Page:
brothers, 'The pit was empty, it had no water.' Rashi asks 'If the pit was empty, don't we already know that it had no water? Rather it was empty of water, but filled with scorpions and snakes.'
If our minds are empty and void of content then they will become filled with undesirable thoughts and sights – for nature abhors a vacuum. Rather we must work to fill our minds with words of Torah, holy letters, and they will become our thoughts and guide our minds.
To gain inspiration from our prayers, we must be receptive to the words and have our minds directed the right way - battling unwanted thoughts prevents us from achieving proper prayer. By learning Chassidus we are able to put our minds in the right frame of mind. All of this is brought down in Shulchan Aruch - where the Rema writes that before prayer one must think about the crassness of man and the greatness of the Creator.
What is more Chassidus speaks at length about the meaning of davening, helping to enlighten the words that we say with the soul of Torah.
ברוך אתה ה' אלקנו מלך העולם goes from a heartfelt 'Blessed are you Hashem, king of the universe . . ." to something far deeper.
For "Baruch" means not only blessed, but is from the expression of hamshocha - to draw down. When we make a blessing we are able to tap into the deepest levels of the infinite essence of the Creator - to a level beyond any name -"You" . . .
What is name if not a handle, a way to gain access to a person, not his essence. I, by myself, need no name. Thus when we refer to G-d in the second person, not with a name, but rather directly, we speak to His essence.We speak to his essence, and we draw it down - make it manifest in this world. Not only manifest as an all encompassing and exalted Deity, one to who the differences of light and dark, physical and spiritual, an amoeba and a star are the same, but rather on a far more personal level -To where our actions matter to Him.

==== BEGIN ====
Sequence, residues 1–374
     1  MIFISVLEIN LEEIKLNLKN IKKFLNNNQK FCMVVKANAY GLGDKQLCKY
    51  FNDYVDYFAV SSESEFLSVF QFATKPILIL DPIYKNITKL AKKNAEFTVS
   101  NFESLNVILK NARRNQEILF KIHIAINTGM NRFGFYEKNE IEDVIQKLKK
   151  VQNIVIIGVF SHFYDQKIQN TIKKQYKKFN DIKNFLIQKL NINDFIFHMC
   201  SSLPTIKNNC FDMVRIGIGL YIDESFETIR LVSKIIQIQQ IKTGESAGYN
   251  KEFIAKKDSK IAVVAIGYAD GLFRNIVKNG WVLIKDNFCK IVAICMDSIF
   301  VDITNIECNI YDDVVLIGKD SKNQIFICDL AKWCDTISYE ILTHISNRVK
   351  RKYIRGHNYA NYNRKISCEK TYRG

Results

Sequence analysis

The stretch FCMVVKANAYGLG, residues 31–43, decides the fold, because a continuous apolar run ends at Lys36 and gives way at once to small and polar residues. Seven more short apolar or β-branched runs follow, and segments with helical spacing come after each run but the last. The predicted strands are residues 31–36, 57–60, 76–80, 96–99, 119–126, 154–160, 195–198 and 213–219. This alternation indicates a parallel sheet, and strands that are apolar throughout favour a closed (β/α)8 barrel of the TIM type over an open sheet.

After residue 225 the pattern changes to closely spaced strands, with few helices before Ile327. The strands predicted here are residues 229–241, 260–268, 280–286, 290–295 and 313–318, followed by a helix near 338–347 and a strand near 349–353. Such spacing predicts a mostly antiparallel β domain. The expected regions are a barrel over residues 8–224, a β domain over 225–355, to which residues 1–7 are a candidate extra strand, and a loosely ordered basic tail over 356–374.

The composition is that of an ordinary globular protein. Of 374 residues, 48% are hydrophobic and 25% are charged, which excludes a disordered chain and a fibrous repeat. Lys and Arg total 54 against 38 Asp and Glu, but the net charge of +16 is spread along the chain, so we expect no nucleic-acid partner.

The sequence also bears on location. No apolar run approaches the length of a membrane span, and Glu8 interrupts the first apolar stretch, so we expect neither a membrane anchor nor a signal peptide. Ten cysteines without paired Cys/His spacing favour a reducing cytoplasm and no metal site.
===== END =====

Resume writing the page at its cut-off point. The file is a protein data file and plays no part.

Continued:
This said exalted Creator, to whom we are now speaking, has chosen us, the Jewish nation as a whole, and me - a (seemingly) lowly individual in all my crassness, with all of my base needs and desires - as the one to carry out this task of bringing him down into this world. Why? Because it arose in His primordial desire to rule and be felt in the most mundane place - this said desire takes place through me. I am the one who will reveal this essence in the world - an עולם -a place of העלם of concealment, and make it a place of ultimate revelation... via my prayers!
All of this is very lofty, and it may be difficult at times to do it all 'once'. In light of this, advice is offered as to the proper time to go about prayer - Shabbos, a day of fewer distractions, when the vicissitudes of life are not in full force.
What is more, the Alter Rebbe suggests in Tanya that one perhaps assemble on truly desirable prayer...focusing on different parts of davening - as chassidim were once accustomed to make a 'kneitch' - a fold- in the siddur as to where they were holding. Slowly, as one looks into and becomes inspired in that certain section of davening, he is able to uplift it with new fervor...slowly assembling one whole prayer over the course of the year.
May it be G-d's will that through greater concentration in our prayers, He answer our ultimate prayer - and bring Moshiach now!